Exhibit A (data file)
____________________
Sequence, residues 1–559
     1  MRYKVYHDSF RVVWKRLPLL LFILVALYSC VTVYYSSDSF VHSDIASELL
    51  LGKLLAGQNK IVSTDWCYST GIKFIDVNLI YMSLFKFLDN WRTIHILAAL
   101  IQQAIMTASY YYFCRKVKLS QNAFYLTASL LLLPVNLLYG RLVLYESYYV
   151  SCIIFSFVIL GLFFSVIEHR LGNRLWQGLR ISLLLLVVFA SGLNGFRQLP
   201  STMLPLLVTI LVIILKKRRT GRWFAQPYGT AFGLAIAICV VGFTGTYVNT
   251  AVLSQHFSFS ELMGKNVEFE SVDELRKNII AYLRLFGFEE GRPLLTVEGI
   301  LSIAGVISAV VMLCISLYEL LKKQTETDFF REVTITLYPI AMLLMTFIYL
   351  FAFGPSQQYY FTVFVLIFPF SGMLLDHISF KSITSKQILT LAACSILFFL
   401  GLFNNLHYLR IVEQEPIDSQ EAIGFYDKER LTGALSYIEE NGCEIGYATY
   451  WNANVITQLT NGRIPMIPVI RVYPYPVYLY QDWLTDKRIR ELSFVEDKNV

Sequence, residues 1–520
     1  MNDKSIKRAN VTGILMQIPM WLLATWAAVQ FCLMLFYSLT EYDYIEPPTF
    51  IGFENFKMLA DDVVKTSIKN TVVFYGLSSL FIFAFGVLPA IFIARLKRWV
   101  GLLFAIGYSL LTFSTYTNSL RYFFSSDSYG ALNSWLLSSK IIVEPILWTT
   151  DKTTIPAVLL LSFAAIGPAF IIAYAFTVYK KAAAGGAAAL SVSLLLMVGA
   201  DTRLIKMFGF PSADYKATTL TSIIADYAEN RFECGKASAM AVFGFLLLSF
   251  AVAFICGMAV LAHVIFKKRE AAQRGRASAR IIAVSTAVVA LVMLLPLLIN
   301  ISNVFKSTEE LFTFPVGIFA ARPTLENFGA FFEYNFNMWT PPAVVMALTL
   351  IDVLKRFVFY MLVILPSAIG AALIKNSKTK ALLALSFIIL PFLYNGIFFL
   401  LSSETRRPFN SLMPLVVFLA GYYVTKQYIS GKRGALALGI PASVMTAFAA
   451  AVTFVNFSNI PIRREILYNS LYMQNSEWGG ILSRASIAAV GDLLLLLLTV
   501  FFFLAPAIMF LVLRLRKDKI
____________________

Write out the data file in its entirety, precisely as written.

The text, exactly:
Sequence, residues 1–559
     1  MRYKVYHDSF RVVWKRLPLL LFILVALYSC VTVYYSSDSF VHSDIASELL
    51  LGKLLAGQNK IVSTDWCYST GIKFIDVNLI YMSLFKFLDN WRTIHILAAL
   101  IQQAIMTASY YYFCRKVKLS QNAFYLTASL LLLPVNLLYG RLVLYESYYV
   151  SCIIFSFVIL GLFFSVIEHR LGNRLWQGLR ISLLLLVVFA SGLNGFRQLP
   201  STMLPLLVTI LVIILKKRRT GRWFAQPYGT AFGLAIAICV VGFTGTYVNT
   251  AVLSQHFSFS ELMGKNVEFE SVDELRKNII AYLRLFGFEE GRPLLTVEGI
   301  LSIAGVISAV VMLCISLYEL LKKQTETDFF REVTITLYPI AMLLMTFIYL
   351  FAFGPSQQYY FTVFVLIFPF SGMLLDHISF KSITSKQILT LAACSILFFL
   401  GLFNNLHYLR IVEQEPIDSQ EAIGFYDKER LTGALSYIEE NGCEIGYATY
   451  WNANVITQLT NGRIPMIPVI RVYPYPVYLY QDWLTDKRIR ELSFVEDKNV

Sequence, residues 1–520
     1  MNDKSIKRAN VTGILMQIPM WLLATWAAVQ FCLMLFYSLT EYDYIEPPTF
    51  IGFENFKMLA DDVVKTSIKN TVVFYGLSSL FIFAFGVLPA IFIARLKRWV
   101  GLLFAIGYSL LTFSTYTNSL RYFFSSDSYG ALNSWLLSSK IIVEPILWTT
   151  DKTTIPAVLL LSFAAIGPAF IIAYAFTVYK KAAAGGAAAL SVSLLLMVGA
   201  DTRLIKMFGF PSADYKATTL TSIIADYAEN RFECGKASAM AVFGFLLLSF
   251  AVAFICGMAV LAHVIFKKRE AAQRGRASAR IIAVSTAVVA LVMLLPLLIN
   301  ISNVFKSTEE LFTFPVGIFA ARPTLENFGA FFEYNFNMWT PPAVVMALTL
   351  IDVLKRFVFY MLVILPSAIG AALIKNSKTK ALLALSFIIL PFLYNGIFFL
   401  LSSETRRPFN SLMPLVVFLA GYYVTKQYIS GKRGALALGI PASVMTAFAA
   451  AVTFVNFSNI PIRREILYNS LYMQNSEWGG ILSRASIAAV GDLLLLLLTV
   501  FFFLAPAIMF LVLRLRKDKI